Autism advocacy groups commonly estimate the unemployment rate among autistic adults is as high as 90 percent.

But Anne Roux, a research scientist at Drexel University's A.J. Drexel Autism Institute, said the true rate is unknown.

"We do not have good data, because it's not tracked at a national level," she said.

Still, unemployment among autistic adults is a problem, Roux said, and the reasons for the joblessness vary.

"Problems occur at all phases," Roux said. "Parents might not expect their child will work. Schools might not refer them to vocational services. Many have problems with the interview process. Navigating workplace dynamics is tough. Organizational skills are often an issue."

And those autistic adults who do find work, Westra said, "often do not (fulfill) their potential. They get a typical job people who are labeled disabled tend to get."

Westra founded her non-profit in 2007. Three years ago, Westra, then-owner of Javamo Coffees, was asked about starting a cafe inside the Mercedes dealership. She countered with hiring only autistic adults, the dealership agreed, and Artistas was born.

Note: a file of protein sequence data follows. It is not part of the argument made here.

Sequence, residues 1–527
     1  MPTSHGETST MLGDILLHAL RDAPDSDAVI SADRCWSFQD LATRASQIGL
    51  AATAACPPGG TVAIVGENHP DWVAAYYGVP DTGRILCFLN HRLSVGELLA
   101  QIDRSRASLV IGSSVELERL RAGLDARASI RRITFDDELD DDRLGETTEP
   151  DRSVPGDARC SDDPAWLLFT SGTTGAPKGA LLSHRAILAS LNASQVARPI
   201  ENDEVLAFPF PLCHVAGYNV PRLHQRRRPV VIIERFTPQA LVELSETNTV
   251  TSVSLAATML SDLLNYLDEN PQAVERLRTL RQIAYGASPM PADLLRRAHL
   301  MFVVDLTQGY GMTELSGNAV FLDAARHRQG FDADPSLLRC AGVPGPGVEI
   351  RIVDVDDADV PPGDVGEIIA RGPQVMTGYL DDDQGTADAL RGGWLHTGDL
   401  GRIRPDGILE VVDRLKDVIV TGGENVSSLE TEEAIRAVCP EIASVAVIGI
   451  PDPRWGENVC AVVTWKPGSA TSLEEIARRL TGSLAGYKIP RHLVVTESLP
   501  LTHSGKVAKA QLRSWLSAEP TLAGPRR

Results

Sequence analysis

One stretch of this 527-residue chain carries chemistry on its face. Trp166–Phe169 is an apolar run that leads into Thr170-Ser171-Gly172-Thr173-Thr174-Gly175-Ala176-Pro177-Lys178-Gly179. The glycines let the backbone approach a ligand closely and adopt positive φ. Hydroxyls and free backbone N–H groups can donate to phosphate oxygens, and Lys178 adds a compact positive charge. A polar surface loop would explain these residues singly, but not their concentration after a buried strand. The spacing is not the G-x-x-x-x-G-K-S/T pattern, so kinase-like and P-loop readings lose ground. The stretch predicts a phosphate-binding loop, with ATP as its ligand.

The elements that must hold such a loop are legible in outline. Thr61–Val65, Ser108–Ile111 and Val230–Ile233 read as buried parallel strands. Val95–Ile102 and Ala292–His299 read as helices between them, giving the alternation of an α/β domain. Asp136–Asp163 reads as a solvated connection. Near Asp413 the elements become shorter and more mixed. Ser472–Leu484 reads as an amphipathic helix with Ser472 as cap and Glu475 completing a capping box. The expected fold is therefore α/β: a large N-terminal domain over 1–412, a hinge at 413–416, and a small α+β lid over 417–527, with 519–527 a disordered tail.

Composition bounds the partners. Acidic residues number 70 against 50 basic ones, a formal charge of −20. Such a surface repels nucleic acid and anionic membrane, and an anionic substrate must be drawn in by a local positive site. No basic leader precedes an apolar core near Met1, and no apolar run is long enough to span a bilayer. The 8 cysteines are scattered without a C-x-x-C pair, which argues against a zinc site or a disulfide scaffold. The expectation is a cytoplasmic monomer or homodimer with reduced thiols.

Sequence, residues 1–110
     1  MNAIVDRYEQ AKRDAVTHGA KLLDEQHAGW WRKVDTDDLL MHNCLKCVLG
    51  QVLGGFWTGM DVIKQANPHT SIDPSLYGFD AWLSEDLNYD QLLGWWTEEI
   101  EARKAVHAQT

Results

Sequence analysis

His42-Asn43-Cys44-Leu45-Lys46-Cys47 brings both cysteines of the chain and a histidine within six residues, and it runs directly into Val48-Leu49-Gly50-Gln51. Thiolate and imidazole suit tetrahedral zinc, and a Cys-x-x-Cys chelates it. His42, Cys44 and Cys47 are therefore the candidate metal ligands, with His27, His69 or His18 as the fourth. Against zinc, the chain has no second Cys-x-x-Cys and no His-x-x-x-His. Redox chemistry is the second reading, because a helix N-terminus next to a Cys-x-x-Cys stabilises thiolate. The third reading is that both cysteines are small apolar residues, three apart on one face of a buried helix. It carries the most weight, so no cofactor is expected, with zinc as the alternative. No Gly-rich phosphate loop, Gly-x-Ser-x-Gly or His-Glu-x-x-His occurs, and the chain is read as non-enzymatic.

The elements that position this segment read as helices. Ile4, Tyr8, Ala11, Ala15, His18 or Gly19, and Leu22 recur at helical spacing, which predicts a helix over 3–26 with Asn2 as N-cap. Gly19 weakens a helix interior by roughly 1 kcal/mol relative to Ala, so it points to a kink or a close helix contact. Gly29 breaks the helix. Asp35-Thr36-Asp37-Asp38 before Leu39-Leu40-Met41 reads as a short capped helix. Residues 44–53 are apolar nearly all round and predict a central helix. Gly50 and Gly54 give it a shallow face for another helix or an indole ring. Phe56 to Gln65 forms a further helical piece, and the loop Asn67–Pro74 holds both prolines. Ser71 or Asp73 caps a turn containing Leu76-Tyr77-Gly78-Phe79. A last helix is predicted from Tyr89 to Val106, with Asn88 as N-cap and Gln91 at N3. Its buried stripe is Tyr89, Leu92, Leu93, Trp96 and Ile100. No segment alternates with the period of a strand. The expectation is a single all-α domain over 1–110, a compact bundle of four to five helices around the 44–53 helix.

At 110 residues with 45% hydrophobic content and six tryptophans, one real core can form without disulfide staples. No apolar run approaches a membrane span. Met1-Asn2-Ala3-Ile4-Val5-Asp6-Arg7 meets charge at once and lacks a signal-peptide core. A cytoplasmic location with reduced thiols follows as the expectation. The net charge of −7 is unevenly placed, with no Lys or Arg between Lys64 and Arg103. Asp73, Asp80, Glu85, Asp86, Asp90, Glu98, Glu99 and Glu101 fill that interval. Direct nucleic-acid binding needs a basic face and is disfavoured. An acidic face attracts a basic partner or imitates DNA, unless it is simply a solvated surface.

The food truck is just one employment option that Autism Shifts provides.

They also have a partnership with home laboratory test provider Destiny Well, which hires autistic adults, including Westra's daughter, for its online order fulfillment.

And through another partnership, Elite Animation Academy trains autistic adults to start their own animation company.

Next, Westra hopes to start a culinary training program and partner with local eateries.

"We find the unique ability of a person with autism and create a pathway for it," she said.

Proof is on the food truck.

Its painted-on coffee bean characters were designed by Russell Wadsworth, one of the truck's five baristas. Usually working alongside him is his brother, Remmick Wadsworth

"I tell the coffee team that they are the shifters of autism," Westra said. "They are shifting the perspective of what someone with autism is capable of."

Contact Paul Guzzo at pguzzo@tampabay.com. Follow @PGuzzoTimes.

ALSO IN THIS SECTION

  1. A new report to the Florida Legislature details the investigation that led to the forced resignations of six Moffitt Cancer Center employees in December, including president and CEO Dr. Alan List. [Moffitt Cancer Center]
    The money came from the “Thousand Talents Program” and went to personal accounts set up in China.
  2. The C.W. Bill Young VA Medical Center at Bay Pines VA Healthcare System. (Times | 2014)
    The chief justice dropped an ‘Okay, Boomer’ reference during oral arguments in the case of a pharmacist who accused the Bay Pines VA Healthcare System of age discrimination.